- The Washington Times - Thursday, February 27, 2014

The federal government’s changes to school lunch menus have been disastrous, causing problems for cafeterias trying to comply with the rules and leaving the menu so expensive or unpalatable that more than 1 million students have stopped buying lunch, according to a government audit released Thursday.

One school district told federal investigators that it had to add unhealthy pudding and potato chips to its menu to meet the government’s minimum calorie requirements. Other school districts removed peanut butter and jelly sandwiches from their elementary school menus.

Five of the eight school districts surveyed by the Government Accountability Office, the official watchdog for Congress, said they believed students were going hungry because of smaller entree portions demanded by the rules.

Cafeterias regularly reported finding fruits and vegetables, which they are required to serve, ending up in trash cans. Although no studies have been completed, the government has found an increase in what it calls plate waste in some districts.

Despite the hiccups, school food authorities said they generally support the nutritional changes and think the menus are moving in the right direction.

“Although school lunch participation has declined, it is likely that participation will improve over time as students adjust to the lunch changes,” GAO investigators said.

SEE ALSO: Michelle Obama touts ‘label of the future’ for foods

“Five of the districts we visited reported that, if the past is an indicator, participation will improve over time as students adjust to the new food items, and three noted the importance of nutrition education for students and parents to help make the transition to healthier school meals more successful,” they said.

Neither the Agriculture Department, which wrote the rules, nor the office of first lady Michelle Obama, who has made school nutrition a priority, responded to messages seeking comment on the report.

GAO investigators said Agriculture Department officials generally agreed with the report’s recommendations, though the two sides disagreed on whether the department is able to properly monitor whether districts are complying with the rules.

Lunch trays are required to have at least a half-cup of fruits or vegetables, and milk must contain no more than 1 percent fat. The rules also ban trans fats and set higher minimum calorie levels for each student meal.

After the standards went into effect in the 2012-13 school year, the GAO said, the number of students buying school lunches — which had been on a steady increase — dropped by a total of 1.2 million students.

GAO investigators talked with students and found that some ended up buying food from vending machines or from a la carte lines in the cafeteria, or went off campus to eat.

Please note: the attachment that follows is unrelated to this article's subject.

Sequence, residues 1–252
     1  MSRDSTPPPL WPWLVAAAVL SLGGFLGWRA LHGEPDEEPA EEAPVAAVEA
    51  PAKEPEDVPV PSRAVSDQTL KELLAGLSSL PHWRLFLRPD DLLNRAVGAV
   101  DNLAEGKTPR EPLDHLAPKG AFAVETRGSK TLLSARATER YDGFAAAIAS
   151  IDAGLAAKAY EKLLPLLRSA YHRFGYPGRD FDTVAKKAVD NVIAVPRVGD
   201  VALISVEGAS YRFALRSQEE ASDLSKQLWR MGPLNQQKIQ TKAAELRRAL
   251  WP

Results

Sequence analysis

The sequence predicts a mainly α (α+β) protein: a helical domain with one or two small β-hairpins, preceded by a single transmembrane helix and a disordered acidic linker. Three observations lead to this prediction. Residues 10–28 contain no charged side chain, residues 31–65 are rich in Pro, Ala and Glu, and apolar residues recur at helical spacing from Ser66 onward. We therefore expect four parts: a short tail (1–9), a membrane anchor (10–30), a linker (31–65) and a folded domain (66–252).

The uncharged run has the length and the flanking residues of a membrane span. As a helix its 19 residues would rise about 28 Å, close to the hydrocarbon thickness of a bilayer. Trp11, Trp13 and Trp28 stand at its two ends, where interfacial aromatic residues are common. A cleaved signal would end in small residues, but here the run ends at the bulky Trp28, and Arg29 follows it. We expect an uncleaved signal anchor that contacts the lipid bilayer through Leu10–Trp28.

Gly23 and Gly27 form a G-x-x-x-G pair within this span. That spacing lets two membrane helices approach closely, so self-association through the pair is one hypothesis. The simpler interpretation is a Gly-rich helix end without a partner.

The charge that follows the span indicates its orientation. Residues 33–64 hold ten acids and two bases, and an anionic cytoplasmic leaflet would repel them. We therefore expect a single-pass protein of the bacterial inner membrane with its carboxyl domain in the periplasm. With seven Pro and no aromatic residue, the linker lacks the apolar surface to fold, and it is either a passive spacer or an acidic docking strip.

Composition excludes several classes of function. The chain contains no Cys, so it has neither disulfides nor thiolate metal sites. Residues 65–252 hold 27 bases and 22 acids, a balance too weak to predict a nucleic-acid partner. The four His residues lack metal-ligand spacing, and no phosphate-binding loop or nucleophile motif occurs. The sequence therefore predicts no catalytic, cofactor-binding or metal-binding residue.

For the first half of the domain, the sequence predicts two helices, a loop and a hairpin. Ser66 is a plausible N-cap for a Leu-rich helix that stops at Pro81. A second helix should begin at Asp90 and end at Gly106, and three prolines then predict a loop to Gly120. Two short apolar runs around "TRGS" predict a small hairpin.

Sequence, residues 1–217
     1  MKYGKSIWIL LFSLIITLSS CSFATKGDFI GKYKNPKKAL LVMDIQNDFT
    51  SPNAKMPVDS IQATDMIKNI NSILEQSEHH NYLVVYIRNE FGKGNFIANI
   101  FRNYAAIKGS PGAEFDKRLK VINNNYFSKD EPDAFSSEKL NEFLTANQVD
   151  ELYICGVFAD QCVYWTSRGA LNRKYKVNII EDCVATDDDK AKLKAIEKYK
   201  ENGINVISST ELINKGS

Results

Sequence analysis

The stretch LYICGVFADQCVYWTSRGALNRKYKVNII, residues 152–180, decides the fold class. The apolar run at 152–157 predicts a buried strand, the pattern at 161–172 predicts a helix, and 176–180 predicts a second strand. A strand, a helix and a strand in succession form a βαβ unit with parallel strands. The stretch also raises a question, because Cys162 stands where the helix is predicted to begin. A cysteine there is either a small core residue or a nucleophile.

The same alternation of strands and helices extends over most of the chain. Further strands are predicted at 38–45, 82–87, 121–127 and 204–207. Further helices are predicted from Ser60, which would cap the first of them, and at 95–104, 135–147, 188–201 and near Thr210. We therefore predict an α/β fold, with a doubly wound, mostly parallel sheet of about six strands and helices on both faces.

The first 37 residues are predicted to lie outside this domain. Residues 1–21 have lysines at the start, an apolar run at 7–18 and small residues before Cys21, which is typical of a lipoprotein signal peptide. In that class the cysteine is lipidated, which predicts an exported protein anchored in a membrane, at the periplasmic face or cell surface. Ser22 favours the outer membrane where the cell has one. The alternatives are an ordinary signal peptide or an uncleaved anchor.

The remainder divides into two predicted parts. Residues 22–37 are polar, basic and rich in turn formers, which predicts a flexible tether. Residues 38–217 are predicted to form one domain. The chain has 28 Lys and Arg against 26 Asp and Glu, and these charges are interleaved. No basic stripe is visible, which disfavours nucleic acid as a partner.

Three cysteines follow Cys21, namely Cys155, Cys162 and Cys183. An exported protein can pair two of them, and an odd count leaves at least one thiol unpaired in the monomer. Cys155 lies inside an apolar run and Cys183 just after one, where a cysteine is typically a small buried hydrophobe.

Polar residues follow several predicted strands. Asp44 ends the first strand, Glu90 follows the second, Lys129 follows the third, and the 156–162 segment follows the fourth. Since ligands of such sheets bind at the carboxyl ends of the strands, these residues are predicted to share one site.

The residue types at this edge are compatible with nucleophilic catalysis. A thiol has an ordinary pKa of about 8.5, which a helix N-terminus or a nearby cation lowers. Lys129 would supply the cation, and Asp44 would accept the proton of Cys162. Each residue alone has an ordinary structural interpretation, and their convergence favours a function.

One of the school districts that investigators analyzed said it stopped allowing students to eat off campus.

“With a closed campus policy, students are required to stay on the school campus during the lunch period, which increases the likelihood that they will participate in the school lunch program,” investigators concluded.

GAO investigators said 321 school districts dropped out of the school lunch program altogether in the previous year, and many did so to avoid the mandates.

“Some of the stuff we had to offer, they wouldn’t eat,” Superintendent Gary Lewis in Catlin, Ill., told The Associated Press last year. “So you sit there and watch the kids, and you know they’re hungry at the end of the day, and that led to some behavior and some lack of attentiveness.”

Investigators said schools reported a number of problems implementing the standards. Some districts said switching from canned to fresh produce meant they had to have more frequent shipments — and that meant an increased likelihood of workplace injuries because of extra unloading and lifting.

“Staff in one [school food authority] noted that the increased amount of time and effort to prepare fruits and vegetables also led to morale issues when staff saw students throw the fruits and vegetables in the trash,” the investigators said.

Some schools also said they had to buy spoons and ladles to adjust to the new portion sizes.

The GAO said the eight districts it visited were Caddo Parish Public Schools in Louisiana, Carlisle Area School District in Pennsylvania, Chicago Public Schools, Coeur d’Alene School District in Idaho, Irving Independent School District in Texas, Mukwonago Area School District in Wisconsin, Spokane Public Schools in Washington, and Fairfax County Public Schools in Virginia.

The report didn’t specify which district added pudding and potato chips to its menu to meet calorie guidelines.

• Stephen Dinan can be reached at sdinan@washingtontimes.com.

Copyright © 2023 The Washington Times, LLC. Click here for reprint permission.

Please read our comment policy before commenting.

Click to Read More and View Comments

Click to Hide